Gah I have autumn fever!
And I'm living in a place where it's still 95º outside...
Every single blog and website and article is writing about leaves falling, pumpkins coming, warm drinks at Starbucks, boots and long socks, cute jackets and cardigans, Halloween costumes and candy, crisp air, bright skies...
As a result, I have been spending my time daydreaming about it all and filling my notebooks with autumn doodles. Yesterday, after a super hot day, I wanted a cup of warm milk with honey, simply to feel like it's the snug-drink season.
These pumpkin whoopie pies with maple cream epitomise autumn. The first whoopie pies I ever had (and my favourite to this day) were the pumpkin ones from Trader Joe's which would come every autumn. Here, fresh pumpkin is actually available most of the year, but I just haven't really gotten into cooking it.
So let's pretend that it's pumpkin season. There are jack-o-lanterns on all the doorsteps and every cafe and barista is engulfed by the smell of warm baking. I've just come back from a beautiful walk in my boots and my cozy long socks and my fleece.Vermont is ecstatic, whipping up maple syrup and the farmer's market made me buy a load of pumpkin. So we have no choice but to whip up a batch of whoopie pies.
It's sunny but chilly and I'm sitting down with a book and a cup of hot chocolate.
Life doesn't get much better than this, does it?
My dad had been dying to make whoopie pies for ages and he happily agreed to pumpkin-maple. He gets the same super-excitement as I do when he bakes; he started maniacally laughing with evil and glee and we bickered over getting to frost them. He also sat and had a whole photoshoot with them... no prizes for guessing where I got that from.
He worked on the pureeing the pumpkin while I prepared the spices and the batter. He was really happy with the fluffiness of the cakes, but I really don't know what I did apart from, well, mix...
By the way, he made monstrous whoopies... I mean huge. He dolloped big ice cream scoops on to the tray and after frosting and adding the other half, they look like softballs.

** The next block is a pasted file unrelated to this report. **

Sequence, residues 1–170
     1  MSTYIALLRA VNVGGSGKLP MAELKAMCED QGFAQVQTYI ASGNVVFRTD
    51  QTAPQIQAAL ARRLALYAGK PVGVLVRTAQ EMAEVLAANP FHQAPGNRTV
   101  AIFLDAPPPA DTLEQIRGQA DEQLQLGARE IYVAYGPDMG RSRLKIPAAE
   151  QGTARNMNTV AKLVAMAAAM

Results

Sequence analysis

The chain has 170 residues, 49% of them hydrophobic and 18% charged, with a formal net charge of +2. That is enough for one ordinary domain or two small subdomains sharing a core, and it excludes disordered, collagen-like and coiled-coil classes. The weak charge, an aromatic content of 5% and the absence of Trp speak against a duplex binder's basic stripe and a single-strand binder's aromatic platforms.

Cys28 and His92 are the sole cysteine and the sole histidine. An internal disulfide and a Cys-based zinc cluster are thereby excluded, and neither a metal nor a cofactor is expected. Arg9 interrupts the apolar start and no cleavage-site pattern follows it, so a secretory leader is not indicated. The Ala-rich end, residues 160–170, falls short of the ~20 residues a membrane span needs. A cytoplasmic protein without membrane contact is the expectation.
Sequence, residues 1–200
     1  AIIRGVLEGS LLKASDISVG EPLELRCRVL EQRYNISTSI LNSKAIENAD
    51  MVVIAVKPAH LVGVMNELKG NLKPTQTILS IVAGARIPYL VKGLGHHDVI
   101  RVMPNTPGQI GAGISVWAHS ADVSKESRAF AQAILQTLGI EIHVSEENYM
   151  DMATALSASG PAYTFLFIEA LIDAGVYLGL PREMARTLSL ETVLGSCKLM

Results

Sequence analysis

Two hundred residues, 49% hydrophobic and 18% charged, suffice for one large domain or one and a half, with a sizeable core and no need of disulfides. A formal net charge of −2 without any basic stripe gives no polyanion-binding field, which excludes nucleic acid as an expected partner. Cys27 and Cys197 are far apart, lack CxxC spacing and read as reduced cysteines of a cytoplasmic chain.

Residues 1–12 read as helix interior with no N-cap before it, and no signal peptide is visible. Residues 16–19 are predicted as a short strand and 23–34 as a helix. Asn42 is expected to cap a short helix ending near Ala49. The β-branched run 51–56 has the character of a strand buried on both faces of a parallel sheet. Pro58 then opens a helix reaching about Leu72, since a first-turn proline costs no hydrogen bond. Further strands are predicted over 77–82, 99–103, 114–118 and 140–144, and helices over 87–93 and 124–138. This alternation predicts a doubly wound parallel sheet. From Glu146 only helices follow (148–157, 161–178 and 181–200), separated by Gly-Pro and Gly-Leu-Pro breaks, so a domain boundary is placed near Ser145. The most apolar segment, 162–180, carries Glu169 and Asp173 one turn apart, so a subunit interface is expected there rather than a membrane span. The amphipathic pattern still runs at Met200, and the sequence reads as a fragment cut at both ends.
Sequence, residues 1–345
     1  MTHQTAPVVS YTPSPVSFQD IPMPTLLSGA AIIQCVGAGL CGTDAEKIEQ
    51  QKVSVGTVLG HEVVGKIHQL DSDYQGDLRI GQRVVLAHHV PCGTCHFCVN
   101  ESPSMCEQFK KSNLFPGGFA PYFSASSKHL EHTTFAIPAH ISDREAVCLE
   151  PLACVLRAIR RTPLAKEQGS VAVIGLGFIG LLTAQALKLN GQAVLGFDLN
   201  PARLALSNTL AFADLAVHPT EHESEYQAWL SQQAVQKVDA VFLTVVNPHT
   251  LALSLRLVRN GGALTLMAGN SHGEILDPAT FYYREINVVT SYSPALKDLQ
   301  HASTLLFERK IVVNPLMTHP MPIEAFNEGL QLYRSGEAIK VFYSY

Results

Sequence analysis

They're very visually appealing and very tummy sabotaging.
By the way, does anyone have a teleporter? Can you kind of, zap me back to Chicago autumn?
Pumpkin Whoopie Pies
From Whoopie Pies, by Sarah Billingsley & Amy Treadwell
2 1/4 cups all-purpose flour
1 teaspoon baking powder
1/2 teaspoon baking soda
1 tablespoon ground cinnamon
1 1/2 teaspoons ground ginger
1 teaspoon allspice (cardamom, cloves, cinnamon, nutmeg, ginger)
1 teaspoon ground nutmeg
1/2 teaspoon salt (omit if using salted butter, like Amul)
1 cup brown sugar (If granulated, first powder it in a blender, otherwise you'll get bubbles)
1/2 cup unsalted butter at room temperature
1 1/2 cups solid pack pumpkin
1 teaspoon vanilla
Position a rack in the center of the oven and preheat to 350ºF (176ºC). Line two baking trays with parchment paper.
sift together the flour, baking powder, baking soda, cinnamon, ginger (If yours is freshly chopped, add it into the wet ingredients instead), allspice, nutmeg and salt onto a sheet of waxed paper. (I used a bowl)
In the work bowl of a stand mixer fitted with the paddle attachment, beat together the brown sugar and butter on low speed until just combined. Add the pumpkin, then the egg, beating well. Add the vanilla and beat until combined.
Add the flour mixture and beat on low until just incorporated, scraping down the sides of the bowl.
Using a small ice-cream scoop or 2-tablespoon scoop, drop about 2 tablespoons of batter onto one of the prepared baking sheets and repeat, spacing them at least 2 inches apart. Bake one sheet at a time for about 15 minutes each, or until the cakes begin to crack and are firm to the touch. Let the cakes cool on the sheet for at least 5 minutes before transferring them to a rack to cool completely.
Makes about 30 cakes 4-inch cakes
(we got 16...)
1/2 cup (1 stick) unsalted butter, at room temperature
2 cups confectioner's sugar
1 tablespoon milk
2 tablespoons pure maple syrup
1/8 teaspoon maple flavouring (optional) (We didn't use it)
In the work bowl of a stand mixer, beat the butter on low speed until creamy. add the sugar, 1/2 cup at a time, with the mixer on low until incorporated. Add the milk, maple syrup and maple flavouring (if using), and beat on medium for 3 to 4 minutes to incorporate, scraping down the sides of the bowl periodically.
Note: Purists may want to leave out the maple flavouring, so we kept it optional. It does give the finished filling a much more intense maple flavour.